The design pattern examples were pretty reasonable, but there are already more comprehensive tomes available online for free. The examples provided were just large enough to obscure the reading of the patterns themsevles and inhibit browsing (unlike the GoF book, which treads that line quite nicely).
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Format: Hardcover
I bought this book after attending a conference and meeting Uncle Bob himself. If you ever have the chance to see Bob in living color (and remember to ask him why we see the colors we do) don't pass it up. In order to get the most out of this book you need to be open to his philosophy and have some experience. I say this, because I feel it's only after you can say to yourself "I know exactly what you're talking about", or in my case, "Geez, I'm guilty of that", that you understand the principles Bob is trying to get across and the applicability, or lack there-of, of patterns.
Bob does an excellent job of setting up the material and then showing an example (a believable one at that) of how to apply the concepts. For example, he will introduce a set of patterns and then provide a case study that applies those patterns. This book is not only useful for those new to the material, but the format is also very good to be used as a reference.
While his explanation of the different patterns is very good, I believe it's his principles and test-driven-development philosophy that are the real gems in this book. These are principles and practices that every developer should be familiar with. In fact, this is a great approach for junior developers so they can become disciplined. In a world where everyone seems to be an "Architect", I'm amazed at how many don't convey and don't practice similiar thoughts. If you can't open yourself up to the "model your idea up on a white-board, erase, code test case, code logic" mentality, then it will be very difficult to see the intuitiveness of Bob's writing. Bob has provided a job-aid to all of us and we'd be in a lot better shape as software professionals if we followed just a few of these principles.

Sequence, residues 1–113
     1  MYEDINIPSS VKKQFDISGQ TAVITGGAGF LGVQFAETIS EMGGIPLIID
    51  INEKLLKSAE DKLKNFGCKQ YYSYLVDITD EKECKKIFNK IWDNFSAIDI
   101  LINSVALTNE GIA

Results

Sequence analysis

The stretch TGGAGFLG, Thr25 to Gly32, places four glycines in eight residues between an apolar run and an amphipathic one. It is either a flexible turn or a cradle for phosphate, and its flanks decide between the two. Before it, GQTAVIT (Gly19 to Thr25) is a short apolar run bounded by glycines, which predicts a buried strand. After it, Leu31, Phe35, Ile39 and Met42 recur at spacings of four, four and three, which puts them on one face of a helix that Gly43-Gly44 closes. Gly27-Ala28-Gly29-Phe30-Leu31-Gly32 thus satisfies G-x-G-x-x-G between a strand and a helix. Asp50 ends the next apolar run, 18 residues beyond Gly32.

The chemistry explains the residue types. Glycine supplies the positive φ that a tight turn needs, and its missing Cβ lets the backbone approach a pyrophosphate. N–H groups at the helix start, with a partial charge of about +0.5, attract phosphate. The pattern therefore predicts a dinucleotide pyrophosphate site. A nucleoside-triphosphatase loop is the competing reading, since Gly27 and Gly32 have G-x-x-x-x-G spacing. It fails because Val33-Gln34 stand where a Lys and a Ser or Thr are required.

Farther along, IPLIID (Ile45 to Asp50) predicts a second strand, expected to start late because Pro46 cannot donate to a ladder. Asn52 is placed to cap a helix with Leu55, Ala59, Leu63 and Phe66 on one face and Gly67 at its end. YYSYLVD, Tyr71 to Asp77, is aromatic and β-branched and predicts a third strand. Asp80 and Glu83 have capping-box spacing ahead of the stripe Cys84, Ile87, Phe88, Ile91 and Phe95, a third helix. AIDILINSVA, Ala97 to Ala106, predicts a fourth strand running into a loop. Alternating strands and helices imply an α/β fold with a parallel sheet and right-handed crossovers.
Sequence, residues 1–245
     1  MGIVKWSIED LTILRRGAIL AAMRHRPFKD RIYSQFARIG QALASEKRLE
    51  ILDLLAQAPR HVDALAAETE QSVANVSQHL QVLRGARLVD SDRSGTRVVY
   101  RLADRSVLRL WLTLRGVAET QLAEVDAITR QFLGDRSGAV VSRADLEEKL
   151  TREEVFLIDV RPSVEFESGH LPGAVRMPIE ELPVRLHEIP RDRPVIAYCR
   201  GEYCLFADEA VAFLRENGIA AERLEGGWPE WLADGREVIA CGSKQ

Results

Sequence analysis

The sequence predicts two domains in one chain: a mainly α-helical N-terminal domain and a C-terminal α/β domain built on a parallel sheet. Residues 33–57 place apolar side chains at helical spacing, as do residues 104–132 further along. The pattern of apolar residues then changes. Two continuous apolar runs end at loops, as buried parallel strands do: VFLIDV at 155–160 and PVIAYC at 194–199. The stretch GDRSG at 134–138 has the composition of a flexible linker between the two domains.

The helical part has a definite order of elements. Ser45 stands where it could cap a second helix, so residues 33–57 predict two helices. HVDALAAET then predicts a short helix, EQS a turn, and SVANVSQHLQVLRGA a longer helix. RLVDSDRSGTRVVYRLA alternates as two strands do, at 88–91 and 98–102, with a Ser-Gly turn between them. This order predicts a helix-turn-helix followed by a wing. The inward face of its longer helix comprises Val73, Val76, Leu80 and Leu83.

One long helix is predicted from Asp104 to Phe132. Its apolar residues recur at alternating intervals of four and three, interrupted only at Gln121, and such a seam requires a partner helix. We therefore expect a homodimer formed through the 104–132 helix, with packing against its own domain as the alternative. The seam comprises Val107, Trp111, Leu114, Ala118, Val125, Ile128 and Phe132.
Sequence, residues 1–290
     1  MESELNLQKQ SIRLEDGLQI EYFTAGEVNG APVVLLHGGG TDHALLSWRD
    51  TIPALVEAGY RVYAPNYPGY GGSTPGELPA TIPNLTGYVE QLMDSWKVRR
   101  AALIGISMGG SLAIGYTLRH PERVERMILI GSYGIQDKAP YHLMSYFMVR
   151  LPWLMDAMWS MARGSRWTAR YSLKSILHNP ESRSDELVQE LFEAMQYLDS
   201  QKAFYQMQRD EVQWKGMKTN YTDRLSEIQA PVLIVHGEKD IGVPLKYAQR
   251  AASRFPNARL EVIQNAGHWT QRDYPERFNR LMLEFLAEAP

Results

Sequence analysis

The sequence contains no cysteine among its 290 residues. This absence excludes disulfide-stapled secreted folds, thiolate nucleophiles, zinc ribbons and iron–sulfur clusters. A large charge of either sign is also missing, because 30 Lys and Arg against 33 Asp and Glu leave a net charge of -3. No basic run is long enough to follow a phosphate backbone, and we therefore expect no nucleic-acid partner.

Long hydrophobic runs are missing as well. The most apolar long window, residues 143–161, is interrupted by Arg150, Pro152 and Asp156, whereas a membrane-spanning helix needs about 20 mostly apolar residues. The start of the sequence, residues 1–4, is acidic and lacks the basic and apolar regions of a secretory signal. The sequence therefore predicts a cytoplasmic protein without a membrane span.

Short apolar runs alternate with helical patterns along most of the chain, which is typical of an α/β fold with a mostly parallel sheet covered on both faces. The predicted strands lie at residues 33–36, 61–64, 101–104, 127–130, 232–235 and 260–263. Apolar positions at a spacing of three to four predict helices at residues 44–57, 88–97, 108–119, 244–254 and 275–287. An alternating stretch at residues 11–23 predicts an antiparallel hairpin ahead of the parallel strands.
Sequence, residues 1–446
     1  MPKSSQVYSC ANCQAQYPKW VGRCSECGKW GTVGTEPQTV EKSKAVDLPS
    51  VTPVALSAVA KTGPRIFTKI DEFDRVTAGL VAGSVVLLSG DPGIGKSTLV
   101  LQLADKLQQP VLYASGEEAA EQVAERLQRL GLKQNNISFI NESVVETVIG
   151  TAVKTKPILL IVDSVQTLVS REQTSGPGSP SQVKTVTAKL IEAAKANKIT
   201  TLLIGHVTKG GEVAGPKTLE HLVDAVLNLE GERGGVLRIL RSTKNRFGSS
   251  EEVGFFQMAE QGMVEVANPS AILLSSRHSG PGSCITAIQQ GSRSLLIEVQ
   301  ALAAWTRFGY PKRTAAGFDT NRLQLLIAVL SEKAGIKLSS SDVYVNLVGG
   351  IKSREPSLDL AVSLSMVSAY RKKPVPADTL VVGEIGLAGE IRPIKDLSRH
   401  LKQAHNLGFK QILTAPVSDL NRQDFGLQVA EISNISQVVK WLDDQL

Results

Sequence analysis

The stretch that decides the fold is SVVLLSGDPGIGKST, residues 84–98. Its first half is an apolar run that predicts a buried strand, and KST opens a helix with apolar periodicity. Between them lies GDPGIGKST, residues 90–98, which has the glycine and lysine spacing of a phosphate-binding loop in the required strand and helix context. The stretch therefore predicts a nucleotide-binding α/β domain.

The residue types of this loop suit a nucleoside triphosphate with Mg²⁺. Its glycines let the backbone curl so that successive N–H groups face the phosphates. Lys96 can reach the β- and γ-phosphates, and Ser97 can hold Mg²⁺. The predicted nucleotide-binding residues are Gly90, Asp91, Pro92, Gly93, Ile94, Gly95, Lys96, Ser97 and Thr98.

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Format: Hardcover
First, I will say it is an excellent book, anyone who is looking at the front page and thinking about the payment should not hestitate anymore.
Second, I have a question hoping that someone can explaint it to me. When Uncle Bob talk about the LSP(Liskov Principle), he give an example----Line and LineSegment, if you remember that, read on...
This example confuse me so much, we use inheritation because the two class contain differences (at least one). If in this situation we cannot use inheritation, what else can we? Recalling the memory of most the codes I have written, the child classes have different behavior when comparing with its father class, in those situataions, I should do the drawing actions? Then in what situation should we use the inheritation?
If you have your ideas, please be free to contact me through email, I am dying to share the master's thinking with you!